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Tuesday 18 October 2011

Definition: Biomineralization is the process by which living organisms produce minerals, often to harden or stiffen existing tissues. Such tissues are called mineralized tissues.

Biomineralization is an extremely widespread phenomenon; all six taxonomic kingdoms contain members that are able to form minerals, and over 60 different minerals have been identified in organisms.

Examples include silicates in algae and diatoms, carbonates in invertebrates, and calcium phosphates and carbonates in vertebrates.

These minerals often form structural features such as sea shells and the bone in mammals and birds.

Organisms have been producing mineralised skeletons for the past 550 million years.

Other examples include copper, iron and gold deposits involving bacteria.

Biologically-formed minerals often have special uses such as magnetic sensors in magnetotactic bacteria (Fe3O4), gravity sensing devices (CaCO3, CaSO4, BaSO4) and iron storage and mobilization (Fe2O3•H2O in the protein ferritin).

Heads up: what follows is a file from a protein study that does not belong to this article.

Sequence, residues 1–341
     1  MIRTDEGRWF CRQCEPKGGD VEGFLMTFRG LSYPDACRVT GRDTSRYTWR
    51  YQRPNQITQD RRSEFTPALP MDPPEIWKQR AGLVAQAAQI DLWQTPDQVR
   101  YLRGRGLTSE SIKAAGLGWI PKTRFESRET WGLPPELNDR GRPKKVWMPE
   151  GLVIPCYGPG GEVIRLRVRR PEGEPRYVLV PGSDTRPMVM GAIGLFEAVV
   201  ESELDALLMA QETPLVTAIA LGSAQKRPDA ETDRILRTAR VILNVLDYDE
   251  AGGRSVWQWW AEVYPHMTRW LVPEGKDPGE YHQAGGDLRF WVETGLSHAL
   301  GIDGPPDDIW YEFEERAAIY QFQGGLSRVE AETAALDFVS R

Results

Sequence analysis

In terms of taxonomic distribution, the most common biominerals are the phosphate and carbonate salts of calcium that are used in conjunction with organic polymers such as collagen and chitin to give structural support to bones and shells.

The structures of these biocomposite materials are highly controlled from the nanometer to the macroscopic level, resulting in complex architectures that provide multifunctional properties.

Because this range of control over mineral growth is desirable for materials engineering applications, there is significant interest in understanding and elucidating the mechanisms of biologically controlled biomineralization.


Biominerals perform a variety of roles in organisms, the most important being support, defence and feeding

See also

- magnetotactic bacteria
- biocrystallization
- biointerface
- bone mineral
- mineralized tissues